In the Theaetetus, Plato looks afresh at a problem to which, he now realizes, he had earlier given an inadequate answer: the problem of the nature of knowledge. What Plato has to say on this question is of great interest and importance, not only to scholars of Plato, but also to philosophers with wholly contemporary interests. This book is a sustained philosophical analysis and critique of the Theaetetus. David Bostock provides a detailed
examination of Plato's arguments and the issues that they raise. He adjudicates on rival interpretations of the text, and looks at the relations between this and other works of Plato. The book does not presuppose any knowledge of Greek.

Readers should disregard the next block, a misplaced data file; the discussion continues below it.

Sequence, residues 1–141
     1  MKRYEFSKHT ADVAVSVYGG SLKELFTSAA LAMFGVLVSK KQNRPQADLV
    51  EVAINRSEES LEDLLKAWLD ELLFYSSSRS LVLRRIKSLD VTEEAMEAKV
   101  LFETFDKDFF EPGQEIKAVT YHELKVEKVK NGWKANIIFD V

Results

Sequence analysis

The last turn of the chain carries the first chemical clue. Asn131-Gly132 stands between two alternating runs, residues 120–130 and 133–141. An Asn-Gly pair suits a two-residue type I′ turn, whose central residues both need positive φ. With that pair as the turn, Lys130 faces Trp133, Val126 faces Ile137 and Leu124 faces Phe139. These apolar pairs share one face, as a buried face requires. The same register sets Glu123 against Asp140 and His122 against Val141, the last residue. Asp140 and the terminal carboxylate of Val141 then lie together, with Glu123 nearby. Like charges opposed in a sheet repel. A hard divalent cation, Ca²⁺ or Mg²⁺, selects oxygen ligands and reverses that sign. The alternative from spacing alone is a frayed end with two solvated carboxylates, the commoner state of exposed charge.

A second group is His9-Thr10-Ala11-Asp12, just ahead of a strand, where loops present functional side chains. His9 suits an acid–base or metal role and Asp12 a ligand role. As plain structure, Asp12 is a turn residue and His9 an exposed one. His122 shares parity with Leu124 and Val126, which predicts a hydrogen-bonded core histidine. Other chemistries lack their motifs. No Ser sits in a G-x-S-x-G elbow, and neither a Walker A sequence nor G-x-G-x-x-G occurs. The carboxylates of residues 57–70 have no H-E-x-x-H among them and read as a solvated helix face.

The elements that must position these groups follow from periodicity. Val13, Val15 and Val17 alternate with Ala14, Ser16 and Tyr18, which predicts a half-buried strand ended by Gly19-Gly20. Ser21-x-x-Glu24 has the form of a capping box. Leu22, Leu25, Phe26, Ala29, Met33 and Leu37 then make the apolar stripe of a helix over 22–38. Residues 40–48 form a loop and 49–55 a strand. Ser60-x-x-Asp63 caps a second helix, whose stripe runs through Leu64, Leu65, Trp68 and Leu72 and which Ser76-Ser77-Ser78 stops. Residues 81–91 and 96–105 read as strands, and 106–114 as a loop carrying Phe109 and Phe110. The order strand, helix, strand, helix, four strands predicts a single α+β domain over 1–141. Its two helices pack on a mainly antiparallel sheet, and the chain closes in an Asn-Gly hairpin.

`It is an excellent book: simply the best and most up-to-date full-length treatment of this central philosophical work.'
Times Literary Supplement
`This book is a tour de force in the Oxford tradition of philosophical commentaries.'
Review of Metaphysics
`David Bostock's analysis of the argument of the dialogue and the issues it raises ... does ample justice to its complexity and depth.'
Greece and Rome
`Bostock performs a valuable service of pointing out the inadequacies of Plato's arguments, and readers will not have to accept all interpretations presented here in order to benefit from this study.'
Religious Studies Review, Volume 16, Number 4/October 1990
`The book displays Bostock's characteristic virtues: it is admirably clear; it is highly intelligent; and it is often insightful and thought-provoking.'
The Philosophical Review, Vol. C, No. 4 (October 1991)